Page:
Just over a fortnight into the new year and it appears that the tone of 2017 has already been set: it promises to be a fight between protectionism versus globalisation. In the red corner, and rather unexpectedly, is China’s President Xi Jinping, who told the World Economic Forum in Davos there would be no winners in a trade war and warned countries against returning to protectionist trade policies.
A few days later, President Donald Trump of America in the blue corner told the watching world at his inauguration address in Washington DC that “We have made other countries rich while wealth and confidence of our country have dissipated over the horizon…Protection will lead to great prosperity and strength.”
While it remains to be seen whether this is just a war of words for each country’s domestic audiences, or something more sinister, the implication is that America is turning its back on the world for the first time since the Second World War.
“From this day forward, a new vision will govern our land,” said Trump. “From this moment on, it’s going to be America first.”
If nothing else, Trump has reversed President Roosevelt’s dictum that diplomacy consists of “speaking softly and carrying a big stick.” We have yet to see what kind of stick Trump will carry, but he certainly makes a lot of noise. The world has had protectionist policies before, mainly in the 1930s.
Since the end of the Second World War, most developing countries have worked to eliminate tariffs and work with bodies such as the World Trade Organisation. Alan Greenspan, the former chairman of the Federal Reserve, said that protectionism leads “to an atrophy of our competitive ability. If the protectionist route is followed, newer, more efficient industries will have less scope to expand, and overall output and economic welfare will suffer.”
To which Donald Trump would no doubt tweet: “Phooey.”
Protectionism has also been accused of being one of the major causes of war. The American Revolution was caused primarily by British taxes and tariffs – tea party anyone? – while the policies both before and after the First World War are thought to have contributed to the depression of the 1930s. As Frédéric Bastiat said: “When goods cannot cross borders, armies will.”
We have to hope things won’t go that badly, but there are very few instances of protectionism being a sound economic policy. Millions of dollars are spent every year on trying to protect the Florida orange industry from cheaper Brazilian imports. But Americans argue that other countries protect their own sensitive industries.
“I am not anti-trade,” said Wilbur Ross, the nominee for commerce secretary. “I am pro-trade. But I am pro-sensible trade.”
As for the tariffs that Mr Trump has called for imposing on some imports, Mr Ross said he had learned the lessons of the Smoot-Hawley Tariff Act, which raised import taxes on thousands of goods in the 1930s and is widely believed to have perpetuated the Great Depression.
In D this view was warmly greeted. The world should be wary of creating a crisis amid talk of trade wars, World Trade Organization chief Roberto Azevedo said after a meeting of trade ministers in Davos.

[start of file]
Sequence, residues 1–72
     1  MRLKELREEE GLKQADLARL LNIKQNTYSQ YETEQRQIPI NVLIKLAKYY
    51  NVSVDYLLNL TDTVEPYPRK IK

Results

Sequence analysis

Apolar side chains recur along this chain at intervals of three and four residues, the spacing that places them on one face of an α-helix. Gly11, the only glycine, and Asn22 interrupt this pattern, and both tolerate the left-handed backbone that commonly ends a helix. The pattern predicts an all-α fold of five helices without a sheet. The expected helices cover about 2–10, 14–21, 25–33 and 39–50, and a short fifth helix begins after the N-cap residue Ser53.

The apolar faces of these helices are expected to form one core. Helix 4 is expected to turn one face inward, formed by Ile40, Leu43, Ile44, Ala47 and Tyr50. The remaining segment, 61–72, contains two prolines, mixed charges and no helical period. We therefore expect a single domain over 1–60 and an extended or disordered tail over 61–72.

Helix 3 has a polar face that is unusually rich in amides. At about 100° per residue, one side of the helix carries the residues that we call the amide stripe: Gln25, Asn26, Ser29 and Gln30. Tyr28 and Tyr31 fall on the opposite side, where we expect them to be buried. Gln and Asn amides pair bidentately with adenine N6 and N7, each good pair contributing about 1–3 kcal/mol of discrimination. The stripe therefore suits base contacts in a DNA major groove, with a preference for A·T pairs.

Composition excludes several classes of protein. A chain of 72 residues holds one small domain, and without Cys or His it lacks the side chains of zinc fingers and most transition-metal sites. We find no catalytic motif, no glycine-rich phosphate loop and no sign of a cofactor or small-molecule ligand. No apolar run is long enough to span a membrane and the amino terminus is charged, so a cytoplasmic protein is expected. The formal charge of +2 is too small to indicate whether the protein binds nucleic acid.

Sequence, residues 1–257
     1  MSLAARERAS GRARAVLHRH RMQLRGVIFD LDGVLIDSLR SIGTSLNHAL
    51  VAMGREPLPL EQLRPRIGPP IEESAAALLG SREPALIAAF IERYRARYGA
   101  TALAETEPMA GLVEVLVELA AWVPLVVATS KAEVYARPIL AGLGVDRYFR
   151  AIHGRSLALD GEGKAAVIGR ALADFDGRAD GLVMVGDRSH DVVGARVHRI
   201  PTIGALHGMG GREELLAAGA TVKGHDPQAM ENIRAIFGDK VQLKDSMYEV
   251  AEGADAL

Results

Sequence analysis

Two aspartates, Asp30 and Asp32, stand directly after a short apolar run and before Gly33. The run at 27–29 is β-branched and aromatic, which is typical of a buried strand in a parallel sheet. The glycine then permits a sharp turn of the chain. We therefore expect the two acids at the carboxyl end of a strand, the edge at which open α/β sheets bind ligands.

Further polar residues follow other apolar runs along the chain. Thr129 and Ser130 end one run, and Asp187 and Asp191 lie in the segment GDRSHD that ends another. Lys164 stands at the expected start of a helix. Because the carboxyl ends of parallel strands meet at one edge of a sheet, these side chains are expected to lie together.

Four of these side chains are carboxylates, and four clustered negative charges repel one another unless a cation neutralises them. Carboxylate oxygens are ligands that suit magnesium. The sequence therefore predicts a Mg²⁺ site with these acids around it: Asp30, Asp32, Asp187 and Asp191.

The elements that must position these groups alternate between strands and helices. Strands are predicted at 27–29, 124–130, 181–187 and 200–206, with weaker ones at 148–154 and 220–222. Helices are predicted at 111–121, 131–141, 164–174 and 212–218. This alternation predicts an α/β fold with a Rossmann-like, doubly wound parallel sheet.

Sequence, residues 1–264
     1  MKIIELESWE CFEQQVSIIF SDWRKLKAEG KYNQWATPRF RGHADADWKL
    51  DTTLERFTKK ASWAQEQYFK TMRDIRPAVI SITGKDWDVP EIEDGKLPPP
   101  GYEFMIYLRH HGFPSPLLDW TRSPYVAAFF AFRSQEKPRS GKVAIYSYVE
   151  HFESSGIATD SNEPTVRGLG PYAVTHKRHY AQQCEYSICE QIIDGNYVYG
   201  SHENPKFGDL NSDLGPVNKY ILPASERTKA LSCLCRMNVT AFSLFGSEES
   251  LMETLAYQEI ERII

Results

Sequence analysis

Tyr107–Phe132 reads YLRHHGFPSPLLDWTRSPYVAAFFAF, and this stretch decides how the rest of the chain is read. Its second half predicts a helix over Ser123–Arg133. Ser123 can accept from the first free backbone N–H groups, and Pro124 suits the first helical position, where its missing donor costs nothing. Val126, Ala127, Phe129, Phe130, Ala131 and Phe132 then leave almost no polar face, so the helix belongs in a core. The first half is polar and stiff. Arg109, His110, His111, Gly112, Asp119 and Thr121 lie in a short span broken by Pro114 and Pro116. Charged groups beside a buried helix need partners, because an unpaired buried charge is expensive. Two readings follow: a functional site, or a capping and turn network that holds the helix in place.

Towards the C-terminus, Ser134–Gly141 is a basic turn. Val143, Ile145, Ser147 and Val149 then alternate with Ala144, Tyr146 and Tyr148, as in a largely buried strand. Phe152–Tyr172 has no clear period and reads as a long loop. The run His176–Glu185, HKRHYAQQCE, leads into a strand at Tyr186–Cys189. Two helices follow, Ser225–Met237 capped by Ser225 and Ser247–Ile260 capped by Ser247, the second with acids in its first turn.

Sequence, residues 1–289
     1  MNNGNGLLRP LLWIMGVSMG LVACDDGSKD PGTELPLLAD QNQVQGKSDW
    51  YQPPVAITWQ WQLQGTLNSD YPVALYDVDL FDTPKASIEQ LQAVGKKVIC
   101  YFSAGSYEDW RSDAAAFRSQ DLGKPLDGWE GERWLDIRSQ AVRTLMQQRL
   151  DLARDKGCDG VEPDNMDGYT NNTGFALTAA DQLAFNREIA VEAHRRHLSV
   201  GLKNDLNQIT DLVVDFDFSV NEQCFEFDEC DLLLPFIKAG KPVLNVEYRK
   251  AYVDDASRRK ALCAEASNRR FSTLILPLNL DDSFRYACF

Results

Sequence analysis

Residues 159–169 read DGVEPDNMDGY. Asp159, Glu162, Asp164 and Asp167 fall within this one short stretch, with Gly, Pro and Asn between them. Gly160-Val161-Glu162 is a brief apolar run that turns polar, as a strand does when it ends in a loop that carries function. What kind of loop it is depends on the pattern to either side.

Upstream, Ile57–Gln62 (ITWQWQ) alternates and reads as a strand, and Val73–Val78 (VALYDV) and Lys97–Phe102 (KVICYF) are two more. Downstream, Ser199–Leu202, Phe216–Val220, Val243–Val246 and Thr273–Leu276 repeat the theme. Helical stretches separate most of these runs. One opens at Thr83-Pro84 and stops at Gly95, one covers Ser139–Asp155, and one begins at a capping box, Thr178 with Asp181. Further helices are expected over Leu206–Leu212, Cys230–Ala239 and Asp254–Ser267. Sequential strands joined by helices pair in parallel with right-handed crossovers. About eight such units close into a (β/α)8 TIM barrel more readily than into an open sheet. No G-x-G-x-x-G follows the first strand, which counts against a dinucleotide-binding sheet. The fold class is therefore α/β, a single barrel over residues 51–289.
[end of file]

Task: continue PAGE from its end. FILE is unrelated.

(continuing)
In many ways this was the most schizophrenic Davos meeting for many years. For the most part, politicians were downbeat and gloomy. They see a Donald Trump presidency as being bad for the Old World Order.
“I’ve heard a lot in Davos about trade wars. That would destroy jobs, not create jobs,” he said, after the meeting attended by 29 WTO members. “We must definitely avoid talking ourselves into a crisis.”
In contrast the heads of some of the world’s biggest financial institutions spoke in glowing terms about Donald Trump’s presidency. A panel of bank chief executives said that Trump could herald the start of a new era of economic growth driven by a booming banking industry for the first time in nearly a decade.
Mary Callahan Erdoes, chief executive of JP Morgan Asset Management, predicts: “The US economy will take off in a way that it hasn’t for many years. There has been a pendulum switch that will be very positive for US companies and should cascade to other businesses outside the US. It will be great for the next couple of years.”
So amid all this posturing and tweeting what can we expect during 2017? Will the wise voices prevail or will the world descend into a social media-fuelled race to the bottom, with leaders competing to sound tough and in doing so stymieing the world economy?
I’m an optimist but I’m also a realist. All countries, including very much the USA, have much to gain from doing deals that bring down trade tariffs. Trade is a two-way street. All countries have incentives to bring down tariffs – a US car exported into the UK attracts a 10% duty on top of UK VAT and they have a tremendous opportunity now to get that lifted.
If my prediction is right 2017 could usher in a new golden age of free trade and economic prosperity. And that really would be a “win-win.”